TABLE 5______________________________________Run No. Depth, ft Sw Sg φ Remarks______________________________________1 4473 0.46 0.54 0.37 Gas zone2 4350 1.00 0.00 0.39 Water zone3 4174 0.86 0.14 0.38 Residual gas zone4 5730 0.98 0.02 0.38 Water zone______________________________________
The saturations derived from the crossplot agreed with the results from the pulsed neutron log. The porosities from the crossplot agreed with data obtained from nearby wells. Total error in saturation measurements was ±12%, and in porosity measurements was ±11%.
This crossplot method may also be inverted, i.e., the thermal properties may be inferred from the petrophysical properties, if the latter are known or measured by other means. Such a determination of thermal properties can be useful, for example, in thermal recovery operations.
A preferred form of temperature sensor for use in this invention is illustrated in FIG. 17. An elongated sonde body 22 is built to be movably placed in the bore hole, for example with bow spring 24. On the sonde is mounted a shoe or pad 26. A temperature-sensitive transducer 28 is in thermal contact with a small knob 30 made of a thermal conductor such as silver or copper, the knob being largely encased in a thermal insulator 32. An exposed portion of the knob contacts the formation or the casing. This combination allows rapid response by the transducer to changes in temperature.
The method of this invention may be used by measuring the temperature with an apparatus which may be moved through a range of depths, and recording the temperature as a function of depth; where the depth of the measurement is, in turn, a function of time. Such an apparatus may have a single thermometer element; or preferably it may have several thermometer elements spaced vertically on a cable. The latter embodiment is illustrated in FIG. 18. Preferably there are three, four, or five such thermometer elements 52, spaced twenty to one hundred feet apart from one another on cable 54.
A survey with an apparatus such as shown in FIG. 18 is made by lowering or raising the cable in a bore hole at a relatively slow speed. The speed is selected so that a desired period of time elapses between temperature measurements at a given depth by two adjacent thermometers on the cable. The temperatures measured by the different thermometers at the same depth, but at different times, will generally differ slightly. For example, if the cable is lowered at 500 feet per hour, and the spacing between adjacent thermometers is 100 feet, then the time interval between successive measurements at a particular depth will be 12 minutes.
Temperature measurements at a given depth, at slightly different times, can yield not only the temperature measurements themselves, but also simultaneously the slope of the temperature buildup curve, facilitating an interpolation of points on the temperature buildup curve between the measured points. See the example illustrated in FIG. 19. An advantage of this approach is that it allows multiple temperature buildup curves to be measured at closely spaced depth intervals--perhaps only 0.5 to 1.0 foot apart from one another. The number of measurements taken at each depth will generally be fewer than would be the case with a stationary thermometer; but reasonably accurate interpolations should be possible through measurements of not only the temperature at each depth, but also of the slope of the temperature buildup curve as discussed above. Of course, the several thermometer elements should be calibrated closely to one another to permit accurate measurements of relatively small changes in temperature over relatively short times.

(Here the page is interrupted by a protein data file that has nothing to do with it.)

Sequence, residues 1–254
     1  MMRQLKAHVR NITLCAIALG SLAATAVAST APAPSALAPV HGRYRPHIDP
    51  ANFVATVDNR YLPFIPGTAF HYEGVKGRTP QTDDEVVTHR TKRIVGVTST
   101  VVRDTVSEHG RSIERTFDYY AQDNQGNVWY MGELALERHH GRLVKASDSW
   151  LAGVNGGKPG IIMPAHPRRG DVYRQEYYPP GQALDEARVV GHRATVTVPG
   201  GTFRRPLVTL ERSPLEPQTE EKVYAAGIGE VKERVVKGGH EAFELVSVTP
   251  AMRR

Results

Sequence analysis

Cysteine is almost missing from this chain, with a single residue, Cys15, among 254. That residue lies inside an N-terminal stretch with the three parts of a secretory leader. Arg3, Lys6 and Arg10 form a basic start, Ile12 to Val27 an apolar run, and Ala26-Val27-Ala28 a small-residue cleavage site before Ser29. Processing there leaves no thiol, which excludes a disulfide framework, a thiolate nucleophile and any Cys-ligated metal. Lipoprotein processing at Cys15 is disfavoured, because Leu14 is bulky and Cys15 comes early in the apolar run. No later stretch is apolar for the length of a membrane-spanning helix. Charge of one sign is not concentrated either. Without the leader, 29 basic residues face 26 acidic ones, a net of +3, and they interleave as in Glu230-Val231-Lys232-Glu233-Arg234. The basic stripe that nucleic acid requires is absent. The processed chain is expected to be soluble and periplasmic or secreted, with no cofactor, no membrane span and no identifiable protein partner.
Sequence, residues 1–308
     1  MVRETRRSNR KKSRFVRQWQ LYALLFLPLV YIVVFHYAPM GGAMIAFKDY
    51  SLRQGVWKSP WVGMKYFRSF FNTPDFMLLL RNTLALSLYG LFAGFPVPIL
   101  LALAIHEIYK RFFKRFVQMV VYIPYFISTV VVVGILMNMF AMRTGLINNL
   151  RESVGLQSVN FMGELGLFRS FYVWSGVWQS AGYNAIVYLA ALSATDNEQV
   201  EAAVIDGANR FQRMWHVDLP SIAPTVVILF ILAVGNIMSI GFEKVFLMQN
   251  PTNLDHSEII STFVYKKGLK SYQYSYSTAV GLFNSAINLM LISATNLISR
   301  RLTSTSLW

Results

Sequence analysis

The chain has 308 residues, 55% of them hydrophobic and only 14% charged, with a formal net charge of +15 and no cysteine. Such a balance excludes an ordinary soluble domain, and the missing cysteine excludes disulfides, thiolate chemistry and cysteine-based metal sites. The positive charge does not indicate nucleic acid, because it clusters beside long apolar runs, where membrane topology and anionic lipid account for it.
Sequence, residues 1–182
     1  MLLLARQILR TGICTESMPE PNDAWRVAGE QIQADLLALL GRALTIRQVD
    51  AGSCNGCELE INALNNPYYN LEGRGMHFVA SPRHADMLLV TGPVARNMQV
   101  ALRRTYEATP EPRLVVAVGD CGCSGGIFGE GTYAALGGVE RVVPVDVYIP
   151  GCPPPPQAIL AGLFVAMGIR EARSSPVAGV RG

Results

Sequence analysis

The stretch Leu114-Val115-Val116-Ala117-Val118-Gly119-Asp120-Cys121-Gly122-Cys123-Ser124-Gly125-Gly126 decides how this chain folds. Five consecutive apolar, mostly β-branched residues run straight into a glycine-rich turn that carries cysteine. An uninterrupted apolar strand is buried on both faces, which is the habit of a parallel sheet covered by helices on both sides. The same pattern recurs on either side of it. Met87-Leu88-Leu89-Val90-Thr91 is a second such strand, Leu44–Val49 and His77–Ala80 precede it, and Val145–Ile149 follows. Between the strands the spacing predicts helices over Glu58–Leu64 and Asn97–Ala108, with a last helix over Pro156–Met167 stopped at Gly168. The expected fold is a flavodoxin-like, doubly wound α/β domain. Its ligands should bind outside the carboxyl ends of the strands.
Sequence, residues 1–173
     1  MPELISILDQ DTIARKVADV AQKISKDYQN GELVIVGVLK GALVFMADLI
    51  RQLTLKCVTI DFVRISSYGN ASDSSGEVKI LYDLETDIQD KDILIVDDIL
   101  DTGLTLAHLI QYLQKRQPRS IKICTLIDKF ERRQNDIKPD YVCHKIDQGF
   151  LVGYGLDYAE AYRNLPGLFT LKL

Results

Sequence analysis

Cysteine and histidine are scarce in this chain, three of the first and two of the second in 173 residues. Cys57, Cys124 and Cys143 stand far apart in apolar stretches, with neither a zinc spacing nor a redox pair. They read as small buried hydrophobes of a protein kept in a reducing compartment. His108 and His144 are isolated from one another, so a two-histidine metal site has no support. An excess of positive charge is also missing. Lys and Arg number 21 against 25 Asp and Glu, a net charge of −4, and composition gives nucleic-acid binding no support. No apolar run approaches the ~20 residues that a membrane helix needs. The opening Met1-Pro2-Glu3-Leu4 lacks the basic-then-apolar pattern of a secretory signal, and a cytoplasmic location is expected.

The time intervals between successive runs of the cable through the zone of interest need not be identical. Because of the asymptotic convergence of a typical temperature buildup curve, the measurements may be made initially at shorter intervals, and subsequently at longer intervals. For example, the first run could be made just after fluid circulation stops; the second, one hour later; the third, two hours later; the fourth, four hours later; the fifth, eight hours later; and the last, sixteen hours later.
FIG. 19 illustrates schematically the interpolated temperature buildup curve at one depth. The points are those measured during successive runs of the cable, and the curve is interpolated to those measured points, using both the measured temperatures and the derived slopes of the curve, as discussed above. Similar temperature buildup curves for other depths may be constructed throughout the zone of interest.
The thermal conductivity and heat capacity at each of the measured depths may then be determined from this set of curves. The derived values for thermal conductivity and heat capacity may then be plotted as a function of depth. Similarly, porosity and hydrocarbon saturation or other saturation may be calculated at each depth, for example by the crossplot technique discussed above. The derived values for these parameters may then also be plotted as a function of depth, which should assist in formation evaluation.
"Perturbing the temperature of a vertical zone" of a formation means to perturb the temperature of the formation over some range of depths, wherein the range of depths is sufficient that vertical heat flux becomes relatively insignificant compared to horizontal heat flux at at least one depth within that range. "Relatively insignificant" means that any vertical heat flux does not substantially affect the value of one or more measured thermal properties at that depth. "Vertical" means a direction substantially parallel to the axis of the bore hole; and "horizontal" means a direction substantially perpendicular to the axis of the bore hole. "Vertical heat flux" means that component of the heat flux in the vertical direction, and "horizontal heat flux" means that component of the heat flux in the horizontal direction. A "thermal property" is one or more of the following: thermal conductivity, thermal diffusivity, heat capacity, or volumetric heat capacity.